Thirteen years later, Angula said he could not remember the events leading up to Noa’s appointment. “I can’t even remember the chairperson of that panel,” the former prime minister added.

Angula said he remembered Noa asking then president Hifikepunye Pohamba if the government could set up a special corruption court. Noa felt this would make the ACC’s work more efficient.

Noa (55) is now in his third five-year term. His current terms ends in December next year.


Namibia’s chief of police’s main claim to fame is not his crime-fighting prowess. Rather, he made headlines for ordering the arrests of women wearing miniskirts in public.

Sebastian Ndeitunga (57) was a dark horse when he ascended to the police throne in 2005 to replace Lucas Hangula.

The Namibian understands that his appointment was recommended by then safety and security minister Peter Tshirumbu.

As a result, a handful of officers considered senior to Ndeitunga were overlooked. Before his appointment, he was mainly deployed as an administrator.

During his tenure, Ndeitunga has been linked to controversial business people, and in one instance, a convicted Mafioso.

In 2014, The Namibian reported that a fugitive from justice, convicted Mafia boss Vito Palazzolo, also known as Roberto von Palace Kolbatschenko, visited Ndeitunga at his office.

On that day, in and around 2010, Palazzolo allegedly went to confront Ndeitunga about claims that he was allegedly under surveillance by local police and Interpol. Palazzolo was accompanied by former president Sam Nujoma’s son, Zacky.

At the time, the Italian government had asked Namibia to arrest Palazzolo, and extradite him to Italy.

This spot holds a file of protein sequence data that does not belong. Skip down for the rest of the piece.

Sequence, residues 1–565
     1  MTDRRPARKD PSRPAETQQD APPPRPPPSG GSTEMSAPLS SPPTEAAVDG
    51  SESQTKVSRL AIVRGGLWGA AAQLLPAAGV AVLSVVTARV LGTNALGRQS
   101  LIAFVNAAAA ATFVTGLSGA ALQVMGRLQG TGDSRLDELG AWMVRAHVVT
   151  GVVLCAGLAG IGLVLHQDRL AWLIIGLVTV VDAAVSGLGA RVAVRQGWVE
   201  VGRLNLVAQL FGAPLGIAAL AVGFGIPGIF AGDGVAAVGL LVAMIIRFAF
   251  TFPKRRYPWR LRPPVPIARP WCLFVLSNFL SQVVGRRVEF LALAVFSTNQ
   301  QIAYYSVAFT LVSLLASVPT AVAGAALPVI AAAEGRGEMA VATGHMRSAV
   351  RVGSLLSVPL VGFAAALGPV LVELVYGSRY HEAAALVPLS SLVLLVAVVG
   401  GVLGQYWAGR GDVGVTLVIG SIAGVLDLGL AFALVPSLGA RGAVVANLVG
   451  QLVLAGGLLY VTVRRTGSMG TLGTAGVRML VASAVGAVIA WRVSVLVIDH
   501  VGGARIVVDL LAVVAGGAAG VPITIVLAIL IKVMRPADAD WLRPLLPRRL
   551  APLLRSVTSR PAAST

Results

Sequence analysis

Ndeitunga denied being confronted, but said he vaguely remembered Zacky Nujoma paying “a courtesy visit” to introduce his business partner.

Ndeitunga also denied knowing that Palazzolo was a wanted man. If so, he would have arrested the Italian on the spot, he said.

Zacky Nujoma, however, said in 2014 that he recalled the meeting, and that it was to seek clarity on claims that Palazzolo was a wanted man “since he [Palazzolo] and the media were saying different things”.

Nujoma recalled that “some form of communication structure” between Palazzolo and the police, including Interpol, was subsequently set up.

Ndeitunga’s alleged friendship with controversial Chinese businesswoman Stina Wu has also been highlighted. Wu has been investigated by the ACC, especially over how she acquired a vast Namibian property portfolio running into billions of dollars. Nothing has come of it so far.

Ndeitunga told The Namibian on Monday that he would retire if the majority of Namibians demand it. He, however, said that he refuses to give in to demands from detractors with no “grounds”.

“We will not succumb to malicious demands from those detractors trying to force us out with their malicious motives aimed at satisfying their ill intentions,” said the police chief.